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-   -   Gear talk - Matt's new backcountry toys (http://littleriveroutfitters.com/forum/showthread.php?t=16390)

mattblick 08-22-2012 03:14 PM

Gear talk - Matt's new backcountry toys
 
I haven't been to the backcountry since June, and have several new toys to bring with me on my next trip in early October.

The first new toy I am excited about is a a new stove. It is a little more heavy and bulky than what I had been using, but I think it is really cool. I finally got my Biolite camp stove in the mail last month. I really hate having to go out and pick up new isobutane canisters before every trip. I refill my lighters with leftover isobutane, but I still have a growing collection of these partial canisters. Sometimes I haul up 3 partial containers because I don't know how much is in each one. The Biolite will allow me to use the small bits of kindling found everywhere in the park for my fuel, and recharge my gps/water purifier/flashlights from the 2Watts@5V extra energy produced by the fire. How cool is that?

The other new toys for this trip include new sleeping arrangements. I will be sleeping in a hammock in the backcountry for the first time on this trip. The equipment will include a DD brand hammock. I upgraded the suspension to whoopie slings and strapworks' seatbelt polyester simple sling tree straps. I have a BIAS Buginator net, and a DD 9'x9' tarp to protect me from the elements. Needless to say I am very excited.

Have any of you picked up some new gear lately? The outdoor retailer show was just a couple weeks back, so perhaps you have your eyes on something?

-Matt-

Grannyknot 08-22-2012 03:57 PM

Quote:

Originally Posted by mattblick (Post 102723)
.... I finally got my Biolite camp stove in the mail last month.......
-Matt-

Can't wait to hear your review of the biolite stove. This thing has had my interest for a couple of years now, but I have been afraid it was a little too gimmick-ey.....plus I was worried about the ability to start a fire inside it with the rainforest tinder we commonly find in the smokies.

Please do post a review after you use it. It would come in really handy for charging a gps.

David Knapp 08-22-2012 04:03 PM

I wish I wouldn't have read this.....now I want a new toy. :rolleyes: :biggrin: Oh well, I needed something else to spend my money on I guess. I'll be looking forward to a review of that stove as well. It looks like something I would be very interested in.

mattblick 08-22-2012 04:10 PM

Quote:

Originally Posted by Grannyknot (Post 102725)
Can't wait to hear your review of the biolite stove. This thing has had my interest for a couple of years now, but I have been afraid it was a little too gimmick-ey.....plus I was worried about the ability to start a fire inside it with the rainforest tinder we commonly find in the smokies.

Please do post a review after you use it. It would come in really handy for charging a gps.

I was a pre-order customer but for some reason they didn't get it shipped out with the other pre-orders. Mine got shipped in the first batch of orders from the new web site.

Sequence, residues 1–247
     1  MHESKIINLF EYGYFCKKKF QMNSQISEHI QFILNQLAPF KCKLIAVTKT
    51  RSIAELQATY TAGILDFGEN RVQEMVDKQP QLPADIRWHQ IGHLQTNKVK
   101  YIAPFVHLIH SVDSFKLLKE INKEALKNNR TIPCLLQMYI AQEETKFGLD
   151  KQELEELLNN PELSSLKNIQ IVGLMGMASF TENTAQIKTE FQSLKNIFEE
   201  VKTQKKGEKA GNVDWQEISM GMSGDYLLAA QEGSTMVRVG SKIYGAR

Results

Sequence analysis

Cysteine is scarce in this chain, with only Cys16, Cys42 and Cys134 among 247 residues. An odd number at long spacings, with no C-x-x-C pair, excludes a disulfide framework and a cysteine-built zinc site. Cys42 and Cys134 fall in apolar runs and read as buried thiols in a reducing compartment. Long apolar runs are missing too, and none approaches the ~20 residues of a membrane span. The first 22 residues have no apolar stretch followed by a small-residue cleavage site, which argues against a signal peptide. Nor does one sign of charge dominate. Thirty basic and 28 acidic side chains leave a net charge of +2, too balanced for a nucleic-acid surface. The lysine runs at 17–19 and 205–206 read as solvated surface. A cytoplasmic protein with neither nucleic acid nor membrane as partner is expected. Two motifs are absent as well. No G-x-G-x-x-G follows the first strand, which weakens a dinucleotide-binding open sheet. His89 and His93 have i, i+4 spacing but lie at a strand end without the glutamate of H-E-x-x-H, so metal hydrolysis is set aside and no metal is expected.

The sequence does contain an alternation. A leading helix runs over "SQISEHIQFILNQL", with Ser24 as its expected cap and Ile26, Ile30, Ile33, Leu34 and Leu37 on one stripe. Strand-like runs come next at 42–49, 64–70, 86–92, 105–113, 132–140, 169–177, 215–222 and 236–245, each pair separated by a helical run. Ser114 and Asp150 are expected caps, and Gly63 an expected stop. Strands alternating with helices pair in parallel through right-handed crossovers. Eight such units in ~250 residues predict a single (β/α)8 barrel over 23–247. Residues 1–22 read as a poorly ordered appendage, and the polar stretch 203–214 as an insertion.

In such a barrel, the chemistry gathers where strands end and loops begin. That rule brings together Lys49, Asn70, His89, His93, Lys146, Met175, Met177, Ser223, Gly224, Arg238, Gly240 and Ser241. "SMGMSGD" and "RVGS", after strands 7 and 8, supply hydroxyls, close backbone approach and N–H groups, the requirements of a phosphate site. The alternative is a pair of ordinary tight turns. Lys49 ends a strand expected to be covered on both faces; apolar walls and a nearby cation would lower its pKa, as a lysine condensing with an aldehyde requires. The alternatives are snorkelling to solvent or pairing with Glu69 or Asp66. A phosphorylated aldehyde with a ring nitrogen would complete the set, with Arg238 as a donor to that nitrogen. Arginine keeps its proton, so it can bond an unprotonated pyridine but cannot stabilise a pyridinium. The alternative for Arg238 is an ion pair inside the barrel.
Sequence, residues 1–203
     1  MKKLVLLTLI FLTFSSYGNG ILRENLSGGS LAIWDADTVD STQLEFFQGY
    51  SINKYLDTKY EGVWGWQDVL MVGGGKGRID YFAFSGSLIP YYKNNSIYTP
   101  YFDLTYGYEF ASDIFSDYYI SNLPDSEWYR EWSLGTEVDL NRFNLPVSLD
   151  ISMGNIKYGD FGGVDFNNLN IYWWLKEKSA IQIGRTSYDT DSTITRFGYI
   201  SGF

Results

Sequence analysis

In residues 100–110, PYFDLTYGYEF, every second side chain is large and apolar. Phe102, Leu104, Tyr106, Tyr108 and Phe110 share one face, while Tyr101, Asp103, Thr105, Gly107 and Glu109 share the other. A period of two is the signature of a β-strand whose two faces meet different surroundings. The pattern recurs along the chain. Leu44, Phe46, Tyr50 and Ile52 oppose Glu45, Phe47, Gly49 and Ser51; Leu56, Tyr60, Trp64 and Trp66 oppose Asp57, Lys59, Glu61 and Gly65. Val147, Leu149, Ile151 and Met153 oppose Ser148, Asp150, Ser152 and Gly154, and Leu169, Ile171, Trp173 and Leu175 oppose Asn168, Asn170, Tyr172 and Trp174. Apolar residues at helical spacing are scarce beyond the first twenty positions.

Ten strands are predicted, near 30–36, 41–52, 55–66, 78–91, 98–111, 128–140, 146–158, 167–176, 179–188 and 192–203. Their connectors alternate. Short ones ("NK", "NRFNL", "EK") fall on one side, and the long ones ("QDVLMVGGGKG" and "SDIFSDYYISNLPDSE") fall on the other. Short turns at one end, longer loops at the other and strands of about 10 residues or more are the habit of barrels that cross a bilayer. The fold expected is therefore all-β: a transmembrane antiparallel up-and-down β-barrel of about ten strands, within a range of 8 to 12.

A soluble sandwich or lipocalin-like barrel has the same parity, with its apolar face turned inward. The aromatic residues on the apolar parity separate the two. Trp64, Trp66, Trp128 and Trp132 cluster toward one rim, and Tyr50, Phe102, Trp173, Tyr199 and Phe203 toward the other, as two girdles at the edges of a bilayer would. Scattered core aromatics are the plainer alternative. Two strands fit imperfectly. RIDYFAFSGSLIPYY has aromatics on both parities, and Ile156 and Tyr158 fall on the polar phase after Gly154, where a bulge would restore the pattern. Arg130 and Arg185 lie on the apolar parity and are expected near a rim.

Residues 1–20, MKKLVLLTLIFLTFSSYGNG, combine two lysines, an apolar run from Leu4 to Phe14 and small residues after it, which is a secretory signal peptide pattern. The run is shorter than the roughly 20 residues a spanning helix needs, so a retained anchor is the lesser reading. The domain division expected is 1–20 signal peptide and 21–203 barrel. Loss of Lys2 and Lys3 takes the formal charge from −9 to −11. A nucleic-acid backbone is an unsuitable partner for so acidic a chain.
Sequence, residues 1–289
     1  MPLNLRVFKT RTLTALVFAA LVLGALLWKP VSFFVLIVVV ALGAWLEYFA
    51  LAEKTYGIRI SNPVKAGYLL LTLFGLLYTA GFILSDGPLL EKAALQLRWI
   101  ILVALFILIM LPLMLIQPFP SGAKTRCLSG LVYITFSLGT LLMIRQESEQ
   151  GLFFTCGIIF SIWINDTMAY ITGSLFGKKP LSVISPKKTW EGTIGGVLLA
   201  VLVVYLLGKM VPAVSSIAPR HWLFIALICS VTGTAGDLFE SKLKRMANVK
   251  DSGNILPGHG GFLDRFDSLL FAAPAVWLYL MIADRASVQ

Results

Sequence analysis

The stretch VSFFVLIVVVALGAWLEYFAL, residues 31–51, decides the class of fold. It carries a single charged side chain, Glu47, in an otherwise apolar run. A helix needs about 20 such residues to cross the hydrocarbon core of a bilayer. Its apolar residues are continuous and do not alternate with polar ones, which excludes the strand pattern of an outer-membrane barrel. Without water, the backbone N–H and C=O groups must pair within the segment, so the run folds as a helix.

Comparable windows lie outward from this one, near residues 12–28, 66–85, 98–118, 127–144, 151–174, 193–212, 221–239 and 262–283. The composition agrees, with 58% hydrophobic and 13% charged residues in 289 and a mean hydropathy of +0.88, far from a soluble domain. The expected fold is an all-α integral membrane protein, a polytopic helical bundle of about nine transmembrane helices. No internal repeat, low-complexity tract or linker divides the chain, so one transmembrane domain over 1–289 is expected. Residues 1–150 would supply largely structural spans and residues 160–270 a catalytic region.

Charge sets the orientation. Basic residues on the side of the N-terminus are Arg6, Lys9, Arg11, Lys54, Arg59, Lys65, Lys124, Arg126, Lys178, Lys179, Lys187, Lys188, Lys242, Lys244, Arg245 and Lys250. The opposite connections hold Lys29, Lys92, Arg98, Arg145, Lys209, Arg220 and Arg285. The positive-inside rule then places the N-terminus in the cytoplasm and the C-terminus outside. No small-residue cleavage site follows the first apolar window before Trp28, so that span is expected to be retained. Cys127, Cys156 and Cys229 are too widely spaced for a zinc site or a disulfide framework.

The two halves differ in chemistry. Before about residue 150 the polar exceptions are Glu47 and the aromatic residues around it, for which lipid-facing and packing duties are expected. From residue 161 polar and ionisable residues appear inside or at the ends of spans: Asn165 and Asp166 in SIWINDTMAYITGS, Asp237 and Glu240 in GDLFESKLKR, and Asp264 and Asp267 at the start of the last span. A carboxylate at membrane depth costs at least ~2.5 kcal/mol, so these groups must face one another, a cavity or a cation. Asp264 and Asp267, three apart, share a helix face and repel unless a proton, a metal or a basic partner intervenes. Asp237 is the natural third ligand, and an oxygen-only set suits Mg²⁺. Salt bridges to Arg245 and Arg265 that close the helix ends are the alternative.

I'll be sure to post a review - the trip is about 7 weeks away still, but I started thinking about it and getting excited when my PTO request got approved.

I can already say its build quality seems sturdy and well thought out. The way the heat pipe and fan assembly attaches to the stove portion is particularly clever. One of the folding legs locks over a tab on the fan assembly into place when you fold the leg out, so you don't need to worry about it coming detached. I was worried about this at first, I pictured flimsy hooks or keyhole style attachments.

I think the rainforest tinder could be an issue, and will plan on bringing some assistance for each trip. I plan on packing the compressed wood & wax fire starters the first trip; biollite supplied some of these with the stove. You are allowed to use "solid biomass" but are not supposed to use liquid accelerants or gels; I suspect the hot cubes like Wetfire and Esbit will be out along with sterno, and vaseline cotton balls. But the old classics such as dryer lint and wax or wax soaked cardboard applicator tampons cut into small pieces will be perfect.

-Matt-

ifish4wildtrout 08-22-2012 05:03 PM

I am also interested in a report on the stove. I love my little stove, but i do hate carrying fuel cans. Like you said, I carry one that's not full and not sure how much fuel is left, so I take another just in case...

benintenn 08-22-2012 08:14 PM

I wish I could try out hammock camping before I commit to buying one. I do love my Hubba Hubba but sleeping in a hammock does intrigue me.

That stove sounds pretty cool. Can't wait to hear how it performs.

duckypaddler 08-23-2012 08:15 AM

Quote:

Originally Posted by ifish4wildtrout (Post 102729)
I am also interested in a report on the stove. I love my little stove, but i do hate carrying fuel cans. Like you said, I carry one that's not full and not sure how much fuel is left, so I take another just in case...

It's really easy to weigh you fuel can and estimate how much fuel you have left. That stove looks more like a gimmic to me. The fact that it's over 2 pounds kind of kills the weight saving of carrying fuel, plus if he is carrying wax sticks on top of that.

My whole kitchen set-up weighs less than half and looks like it is much better set up for the conditions to the Smokies.

Caldera cone 1.5 oz
Small lighter - .4 oz
Fire starter stick - .4 oz
Salt & pepper shaker .6 oz
Bottle of oil 1 oz
12-10 alcohol stove - .5 oz
Pot holder 1.2 oz
Small towel - .3 oz
AGG 3 cup alum pot 2.5 oz
Lid 1.3 oz
Insulated Ziploc cup 2.5 oz
Insulation for pot - .8 oz
Stuff sack - .5 oz
Lexan fork & spoon - .7 oz